The initial salvo which started about 11 PM, came from the North. The final salvo, which occurred about 3 AM, came from the opposite direction: the South.

Those houses and structures which withstood the salvo from the North, will feel Irma’s wrath from the South.

Since it was still pitch dark out, no electricity on island, no one really understood the scope of the devastation caused by Irma.

When daylight came and the winds subsided after 6 AM, everyone was astonished, struck numb and aghast at the sheer devastation which went down outside of our homes.

I mean, everything sustained damages!

Every power plant was down, every lamppost, street light, electrical and telephone pole was down in the roads and atop people’s rooftops, smashing into their ceilings onto the floor!

Virtually every house lost its roof!

Something completely unheard of on this island.

They’ve had many hurricanes, just as every Caribbean island, but never had a roof been blown off, caved in nor ever budged. So to see almost every roof flattened or blown away, was a sight to behold!

The streets were strewn with mangled cars, buses and trucks on their hoods and sides.

Cars securely parked in garages, had their windows smashed in, blown out and sides dented in.

Every supermarket and corner store was flattened or blown away, leaving bare foundation alone.

The roadways were littered with goods and items which once stood on shelves just 16 hours prior.

Looters looted what was left of supermarkets.

That same morning, on the 6th of September 2017, after the catastrophic hurricane departed, with the little juice remaining on the battery of an old digital camera I had laying around, I walked about immediate neighborhoods, taking dozens of photos and videos of fresh damages (hundreds of photos in fact).

I made my way to my apartment, to then face the damages there, and the destruction of 98% of my belongings.

Here are some of those photos from that dreadful morning which rendered me homeless, and now living at a shelter.

As to the original question of why I haven’t been posting lately, you now know why.

I simply haven’t had the time, barely had stable internet connection, laptop ruined, etc.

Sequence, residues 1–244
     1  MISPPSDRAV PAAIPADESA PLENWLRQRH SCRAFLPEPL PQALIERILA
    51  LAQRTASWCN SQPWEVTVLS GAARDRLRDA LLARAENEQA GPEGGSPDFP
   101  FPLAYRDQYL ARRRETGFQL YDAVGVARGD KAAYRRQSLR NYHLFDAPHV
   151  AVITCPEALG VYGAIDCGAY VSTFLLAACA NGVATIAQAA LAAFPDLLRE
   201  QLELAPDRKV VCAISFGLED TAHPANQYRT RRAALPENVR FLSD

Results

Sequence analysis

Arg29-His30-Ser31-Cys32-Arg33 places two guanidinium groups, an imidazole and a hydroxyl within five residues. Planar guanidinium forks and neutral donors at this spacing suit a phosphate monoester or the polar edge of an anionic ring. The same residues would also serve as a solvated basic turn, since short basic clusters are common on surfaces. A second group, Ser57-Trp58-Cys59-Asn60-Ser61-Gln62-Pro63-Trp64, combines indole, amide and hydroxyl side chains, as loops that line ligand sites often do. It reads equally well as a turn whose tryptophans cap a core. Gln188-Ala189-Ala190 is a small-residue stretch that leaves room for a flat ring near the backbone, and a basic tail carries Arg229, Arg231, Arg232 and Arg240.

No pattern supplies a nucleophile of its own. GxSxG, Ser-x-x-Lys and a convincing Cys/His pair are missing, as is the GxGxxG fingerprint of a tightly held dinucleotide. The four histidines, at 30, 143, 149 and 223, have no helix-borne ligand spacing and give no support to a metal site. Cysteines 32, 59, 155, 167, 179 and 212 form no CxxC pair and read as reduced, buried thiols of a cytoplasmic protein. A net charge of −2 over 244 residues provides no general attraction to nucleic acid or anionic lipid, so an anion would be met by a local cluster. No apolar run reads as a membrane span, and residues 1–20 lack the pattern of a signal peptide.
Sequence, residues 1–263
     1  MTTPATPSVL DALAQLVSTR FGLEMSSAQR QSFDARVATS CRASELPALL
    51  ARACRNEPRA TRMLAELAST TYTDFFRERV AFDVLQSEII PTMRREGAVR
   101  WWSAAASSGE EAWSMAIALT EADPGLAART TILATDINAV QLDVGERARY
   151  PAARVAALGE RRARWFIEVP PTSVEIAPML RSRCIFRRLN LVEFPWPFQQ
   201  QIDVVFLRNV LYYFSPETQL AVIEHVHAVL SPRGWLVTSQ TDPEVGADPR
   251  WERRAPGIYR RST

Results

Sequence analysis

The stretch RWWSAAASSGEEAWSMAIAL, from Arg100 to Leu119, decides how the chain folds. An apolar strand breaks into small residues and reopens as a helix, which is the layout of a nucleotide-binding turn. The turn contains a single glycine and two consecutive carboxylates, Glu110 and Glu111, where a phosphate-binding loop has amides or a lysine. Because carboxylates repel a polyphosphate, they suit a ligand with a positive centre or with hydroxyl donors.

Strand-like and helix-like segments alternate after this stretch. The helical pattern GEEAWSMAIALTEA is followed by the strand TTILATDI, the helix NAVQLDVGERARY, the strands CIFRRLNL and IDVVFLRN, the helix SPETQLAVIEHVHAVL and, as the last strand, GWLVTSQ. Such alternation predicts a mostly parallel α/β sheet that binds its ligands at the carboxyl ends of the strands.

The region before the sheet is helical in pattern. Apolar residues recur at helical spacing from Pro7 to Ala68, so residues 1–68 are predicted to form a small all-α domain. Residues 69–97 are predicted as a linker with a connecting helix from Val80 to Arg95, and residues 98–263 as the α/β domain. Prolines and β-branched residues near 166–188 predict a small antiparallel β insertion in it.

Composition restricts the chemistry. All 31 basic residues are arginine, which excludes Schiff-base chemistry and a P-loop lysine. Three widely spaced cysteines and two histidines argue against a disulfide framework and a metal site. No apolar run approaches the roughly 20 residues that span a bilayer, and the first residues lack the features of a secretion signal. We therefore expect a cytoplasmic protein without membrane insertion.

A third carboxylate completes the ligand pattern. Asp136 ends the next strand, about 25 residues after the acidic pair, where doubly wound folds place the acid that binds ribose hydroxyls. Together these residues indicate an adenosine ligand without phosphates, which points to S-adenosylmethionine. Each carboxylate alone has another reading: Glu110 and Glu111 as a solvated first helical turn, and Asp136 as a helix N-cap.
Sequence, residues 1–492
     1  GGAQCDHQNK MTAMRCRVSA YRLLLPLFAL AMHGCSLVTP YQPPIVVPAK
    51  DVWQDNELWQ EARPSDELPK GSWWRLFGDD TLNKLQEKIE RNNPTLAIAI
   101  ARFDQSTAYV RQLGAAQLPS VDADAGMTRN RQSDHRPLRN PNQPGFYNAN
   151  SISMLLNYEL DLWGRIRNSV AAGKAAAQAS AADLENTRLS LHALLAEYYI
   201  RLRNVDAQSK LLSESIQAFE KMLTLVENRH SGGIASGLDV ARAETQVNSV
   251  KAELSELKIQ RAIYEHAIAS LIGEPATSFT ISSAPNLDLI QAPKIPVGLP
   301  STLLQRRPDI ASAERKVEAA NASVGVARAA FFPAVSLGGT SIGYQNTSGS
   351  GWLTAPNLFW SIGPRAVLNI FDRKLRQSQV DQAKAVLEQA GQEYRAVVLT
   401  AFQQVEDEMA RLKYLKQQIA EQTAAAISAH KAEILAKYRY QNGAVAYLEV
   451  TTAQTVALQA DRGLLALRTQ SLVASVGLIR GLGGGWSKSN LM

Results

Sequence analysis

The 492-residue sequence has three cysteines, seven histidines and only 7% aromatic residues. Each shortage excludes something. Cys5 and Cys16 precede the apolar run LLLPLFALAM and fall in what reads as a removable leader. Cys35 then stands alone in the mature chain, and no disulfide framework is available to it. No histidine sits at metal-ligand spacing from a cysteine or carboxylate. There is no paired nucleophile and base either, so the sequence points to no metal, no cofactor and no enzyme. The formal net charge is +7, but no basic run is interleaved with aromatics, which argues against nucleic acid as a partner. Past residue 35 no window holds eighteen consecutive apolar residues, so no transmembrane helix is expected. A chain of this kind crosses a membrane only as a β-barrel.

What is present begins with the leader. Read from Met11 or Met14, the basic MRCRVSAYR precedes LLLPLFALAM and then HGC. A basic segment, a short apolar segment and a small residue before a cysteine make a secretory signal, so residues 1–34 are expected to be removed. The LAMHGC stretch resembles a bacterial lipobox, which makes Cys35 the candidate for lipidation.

As for game and pickup, do I still game, and have I been gaming since?

The answer is an emphatic yes!!!!

The day after the hurricane, I was out gaming women.

Hence, my dating, pickup and game routines, haven’t ceased 1 bit.

In fact, I’ve actually stepped up my pick-up activities from the day after the hurricane.

On social media, among my fellow pick-up artist buddies, including Mystery and others, I jokingly dub my game “homeless-man game”.

Saying that to say, I’ve since doubled down, and the hurricane appeared to have had zero negative psychological effect on my outlook, state and game.

In fact, my new pick-up line and opener is, “hey, I’m currently homeless and I’m looking for a fertile gal to adopt me”.

Not to blow my own horn, but it takes real dedication to a craft or lifestyle, to continue on that path as if all were good.

Anyway, all photos below were taken by me as the hurricane left island.

Local basketball court
Elementary school


Inside of what would be the equivalent of the White House on island
Post office
Sheet of galvanize from a rooftop stuck in the tree


Me walking through rubble as I take pics


Debris in the road from someone’s shredded house
In the road
Windows busted open from sheer pressure of the wind
Concrete house cracked in half
This blue rooftop is from a church about 2 blocs away. The winds literally blew the rooftop from the church and rested it atop this house
Another angle
Inside my grandma’s yard
Two of my grandma’s kittens apparently survived the onslaught


Roads impassable from debris
View from my uncle’s house…which was also damaged badly


My grandma’s house is the middle of the 3…damaged roof, worse on the other side
Debris that flew into my grandma’s house onto the telephone
Inside of my grandma’s living room, where I sheltered during the storm. The entire roof above the living room is missing
My grandma’s neighbor to the east
Sharp galvanize lodged into a neighbor’s tree
This is where my cousin and I crawled on our way to the neighbor’s. The debris you see in back of the van, were flying as we exited the yard in darkness
Remember the neighbors to whose house we fled? This is the aftermath of their home (the inside)


An outside view of what’s left of the neighbor’s house
Grandma’s neighbors to the South, the house where we fled to
Remember the pickup truck that we clung to outside of my grandma’s yard? There it is parked near her fence
Another angle of the pickup truck and van parked between my grandma’s and the neighbors to the south.
I took this pic inside a room at my grandma’s


I made it to my apartment and met my neighbor’s house in ruins. They sustained some deaths, including an infant who was washed away and killed

Anyway folks, as I mentioned earlier, I am currently living at a shelter in a neighboring island.

The entire island was evacuated to a neighboring island, days after the storm.

I leave you with these.

Coverage from CNN as the hurricane closes in on the island (below).

Coverage from CNN, after the hurricane (below).

Videos from local residents (below).